Focusing, Internal Family Systems Therapy, Coherence Therapy, to what end?

(General content note: A lot of my thinking has really changed since the old days of this blog. There’s some weird, mean, and polemic stuff in there.)

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Brienne Strohl (who I do not know personally) is asking on Facebook:

“People who resolve conflicts between their various parts in IFS and who cause felt shifts in Focusing are changing the way they think and feel. To what end? What is the terminal goal this is aimed at? *Why* do you want to understand yourself better, and how will you know when a new belief or emotional shift has led you toward or away from that larger goal?”

I’ve spent probably a few hundred hours using these specific techniques and related. Different people will use these practices for different reasons, of course.

Mechanically speaking, I believe these techniques can forge new neural links between system one and system two. Successful application, for a particular issue, gives you three specific gains. First, for that issue, you acquire the *energy* of system one, raw motivational drive. (Whereas, before, this energy was blocked or dissipated.) Second, for that issue, you acquire *inhibitory powers,* specifically, system one *permits* itself to be overridden by system two, with respect to that issue. Third, you unlock the possibility, though not the necessity, for instrumental and epistemic *integration.* System two is now able to chew on the issue and turn gears in a way it wasn’t able to before.

For myself, I experience self and world as vague and inchoate. Possibilities, beautiful possibilities, stirring possibilities, flicker at the edges of awareness at all times: new ways of being, new ways of relating, new ways of seeing, new means, new ends. I wrote in a previous post that one of my ultimate concerns is to have ever better ultimate concerns.

I’ve been trying to find a good analogy to what this feels like. Venkatesh Rao’s latest post resonates strongly:

“Accelerating into a crash helps you regain actual control authority and predictability. If you force a crash into unfolding faster than it naturally wants to, you gain control over it.”

These practices (Focusing, IFS, Coherence Therapy, etc.) facilitate fundamental structural changes in one’s map of the territory. They “accelerate you into the crash,” as it were. They accelerate an ontological crisis that is already happening anyway.

Some of us find old patterns, old beliefs, old habits, old jobs, old careers, old relationships, becoming stale. Yet, there’s no good way to get from old A to new B. And the very idea of A and B are becoming unglued. There never was an A; there never was a B. And I’m running out of time and money; And, what the fuck do I do now? Or, simply, I sense more is possible, and it’s eating at me, clawing at me, and it won’t let me go, and I’m so very confused. It’s like, from the very depths of your soul, you sense something on par with immortality, or godhood, or the most luminescent friendships, or the kinkiest sex you can possibly imagine, beyond imagining, and, if you don’t try to reach out and take it, it will grind you to dust and destroy your pitiful little life that you pitifully covet.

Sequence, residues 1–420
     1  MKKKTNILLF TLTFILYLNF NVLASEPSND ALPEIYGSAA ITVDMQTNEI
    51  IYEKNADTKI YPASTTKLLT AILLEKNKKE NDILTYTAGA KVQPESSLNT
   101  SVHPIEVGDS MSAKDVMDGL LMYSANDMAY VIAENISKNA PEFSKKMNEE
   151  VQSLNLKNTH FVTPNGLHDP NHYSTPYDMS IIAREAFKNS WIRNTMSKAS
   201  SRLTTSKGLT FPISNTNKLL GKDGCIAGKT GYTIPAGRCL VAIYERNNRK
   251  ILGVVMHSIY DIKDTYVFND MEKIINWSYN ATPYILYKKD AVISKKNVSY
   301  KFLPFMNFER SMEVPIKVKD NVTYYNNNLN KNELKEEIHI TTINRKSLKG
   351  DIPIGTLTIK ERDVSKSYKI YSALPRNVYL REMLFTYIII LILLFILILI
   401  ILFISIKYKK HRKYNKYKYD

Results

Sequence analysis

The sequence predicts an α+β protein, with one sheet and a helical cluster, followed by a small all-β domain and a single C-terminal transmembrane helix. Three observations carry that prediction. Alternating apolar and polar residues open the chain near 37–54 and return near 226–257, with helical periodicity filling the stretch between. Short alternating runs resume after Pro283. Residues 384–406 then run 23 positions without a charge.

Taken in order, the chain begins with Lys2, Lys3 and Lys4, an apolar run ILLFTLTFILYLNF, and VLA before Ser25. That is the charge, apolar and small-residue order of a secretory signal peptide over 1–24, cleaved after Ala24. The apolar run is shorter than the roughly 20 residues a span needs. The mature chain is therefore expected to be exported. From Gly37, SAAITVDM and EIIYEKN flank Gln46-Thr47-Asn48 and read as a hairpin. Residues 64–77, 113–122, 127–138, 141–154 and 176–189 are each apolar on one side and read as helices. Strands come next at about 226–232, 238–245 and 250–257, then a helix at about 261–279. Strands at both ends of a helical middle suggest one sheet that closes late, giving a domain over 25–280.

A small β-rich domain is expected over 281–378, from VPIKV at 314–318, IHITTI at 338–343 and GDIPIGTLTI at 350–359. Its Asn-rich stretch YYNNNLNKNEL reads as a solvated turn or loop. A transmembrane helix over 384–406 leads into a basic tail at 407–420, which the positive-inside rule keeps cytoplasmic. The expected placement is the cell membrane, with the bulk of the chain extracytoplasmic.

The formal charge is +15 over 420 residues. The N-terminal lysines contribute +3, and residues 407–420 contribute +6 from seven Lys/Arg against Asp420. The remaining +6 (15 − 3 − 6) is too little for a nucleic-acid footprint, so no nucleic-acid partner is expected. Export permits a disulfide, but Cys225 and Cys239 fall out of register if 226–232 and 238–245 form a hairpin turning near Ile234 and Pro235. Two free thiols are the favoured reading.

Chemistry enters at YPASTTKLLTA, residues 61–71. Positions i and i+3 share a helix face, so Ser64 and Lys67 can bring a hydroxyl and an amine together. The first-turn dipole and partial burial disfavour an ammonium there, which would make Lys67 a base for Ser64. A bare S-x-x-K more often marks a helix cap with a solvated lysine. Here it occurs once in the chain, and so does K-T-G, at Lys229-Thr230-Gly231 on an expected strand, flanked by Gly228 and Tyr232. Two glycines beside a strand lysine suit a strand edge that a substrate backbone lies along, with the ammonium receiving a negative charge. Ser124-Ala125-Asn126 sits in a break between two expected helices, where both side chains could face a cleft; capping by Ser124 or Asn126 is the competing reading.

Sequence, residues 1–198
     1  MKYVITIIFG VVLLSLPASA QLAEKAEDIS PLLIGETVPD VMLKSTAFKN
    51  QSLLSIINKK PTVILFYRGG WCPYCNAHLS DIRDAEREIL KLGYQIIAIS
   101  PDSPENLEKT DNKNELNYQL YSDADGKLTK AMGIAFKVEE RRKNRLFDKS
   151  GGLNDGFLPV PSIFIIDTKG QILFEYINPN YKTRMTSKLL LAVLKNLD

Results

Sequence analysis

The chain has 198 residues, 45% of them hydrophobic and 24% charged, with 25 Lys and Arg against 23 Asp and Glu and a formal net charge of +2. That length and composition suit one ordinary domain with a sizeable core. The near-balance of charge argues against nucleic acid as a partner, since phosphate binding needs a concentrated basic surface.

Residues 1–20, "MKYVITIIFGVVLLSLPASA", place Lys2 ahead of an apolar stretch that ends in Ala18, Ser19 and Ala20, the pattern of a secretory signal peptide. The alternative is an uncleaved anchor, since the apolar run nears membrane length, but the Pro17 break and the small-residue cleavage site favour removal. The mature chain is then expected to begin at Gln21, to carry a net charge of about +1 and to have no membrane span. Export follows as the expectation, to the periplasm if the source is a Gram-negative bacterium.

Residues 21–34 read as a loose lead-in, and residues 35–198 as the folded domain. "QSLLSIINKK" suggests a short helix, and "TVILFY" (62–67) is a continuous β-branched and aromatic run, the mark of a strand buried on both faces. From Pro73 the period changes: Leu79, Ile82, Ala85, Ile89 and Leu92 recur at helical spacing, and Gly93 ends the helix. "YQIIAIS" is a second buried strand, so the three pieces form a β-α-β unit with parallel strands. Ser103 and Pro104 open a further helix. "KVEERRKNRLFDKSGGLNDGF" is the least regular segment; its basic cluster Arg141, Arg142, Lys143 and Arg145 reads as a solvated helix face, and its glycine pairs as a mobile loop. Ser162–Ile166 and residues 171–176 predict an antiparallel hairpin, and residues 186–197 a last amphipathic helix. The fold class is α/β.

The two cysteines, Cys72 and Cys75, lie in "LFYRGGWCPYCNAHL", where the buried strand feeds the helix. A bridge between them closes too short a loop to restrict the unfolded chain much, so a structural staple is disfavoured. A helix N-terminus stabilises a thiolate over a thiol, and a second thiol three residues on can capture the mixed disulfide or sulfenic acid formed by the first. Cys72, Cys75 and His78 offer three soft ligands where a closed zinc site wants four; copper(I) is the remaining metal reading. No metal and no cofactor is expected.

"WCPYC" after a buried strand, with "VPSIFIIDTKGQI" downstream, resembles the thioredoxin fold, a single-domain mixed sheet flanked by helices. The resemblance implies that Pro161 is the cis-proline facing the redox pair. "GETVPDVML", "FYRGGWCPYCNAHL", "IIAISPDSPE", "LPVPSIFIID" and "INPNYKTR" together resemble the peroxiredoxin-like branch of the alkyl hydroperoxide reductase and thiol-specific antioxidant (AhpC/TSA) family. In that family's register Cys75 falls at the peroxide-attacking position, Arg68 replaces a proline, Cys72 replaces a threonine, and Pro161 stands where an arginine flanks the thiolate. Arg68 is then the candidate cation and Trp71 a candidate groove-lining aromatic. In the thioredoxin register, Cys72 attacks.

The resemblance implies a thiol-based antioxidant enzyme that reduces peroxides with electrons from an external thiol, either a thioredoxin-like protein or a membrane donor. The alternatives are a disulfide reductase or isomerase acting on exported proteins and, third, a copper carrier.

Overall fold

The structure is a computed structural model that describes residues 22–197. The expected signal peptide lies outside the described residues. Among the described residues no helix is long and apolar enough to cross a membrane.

But you can’t just reach out and take it. You live in three dimensions and it’s calling to you from a 4th or 5th or Nth dimension. These practices help you reliably reach into new dimensions, into new regimes of neural phase space, that you didn’t know how to access before, that didn’t precisely exist before.

Someone once commented to me that Focusing was fishy because if you did it a second time you’d get different words. How could it possibly be used for personal or general map-making if it’s giving wildly different answers each time? (Well it can be used for this, but that’s a topic for another post.) In fact, it’s a feature, not a bug. The reason is that Focusing is about becoming; it’s a transformative protocol. You are not static, the territory is not static, and “nearby in reality-space” does not necessarily mean “nearby in word-space.” The territory exists prior to logic, prior to words, prior to understanding, and it’s alive and changing.

And practices like Focusing help you adapt to that territory, when your logical system is starting to fail you, especially when your logical system fits the territory perrrrfectly, except for this one liiiittle tiny piece, and, in fact, that liiiittle tiny piece contains an entire *universe* that structurally dwarfs your entire logical system.

And you have nothing to hold onto, and you want to do a controlled free-fall, into something new.

For me, Focusing-type practices are less about achieving goals and more about what to do when goals are globally ambiguous or disintegrating, and I want to minimize the upheaval as I try to carry my entire life forward anyway.

P.S. Are these techniques an ancestral intuition sinkhole? A way to reliably self-generate personalized insight porn? I don’t think so. And, also, these practices act on a level *beneath* the level that decides whether or not to get better at rationality techniques. That said, it’s something of a strange loop…

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3 thoughts on “Focusing, Internal Family Systems Therapy, Coherence Therapy, to what end?

  1. Thanks for posting this! I followed the link from the same FB post, and am finding this whole topic very fascinating.

  2. Yay! If you search on my blog, Focusing, etc., come up in multiple posts. The posts aren’t tagged, unfortunately.

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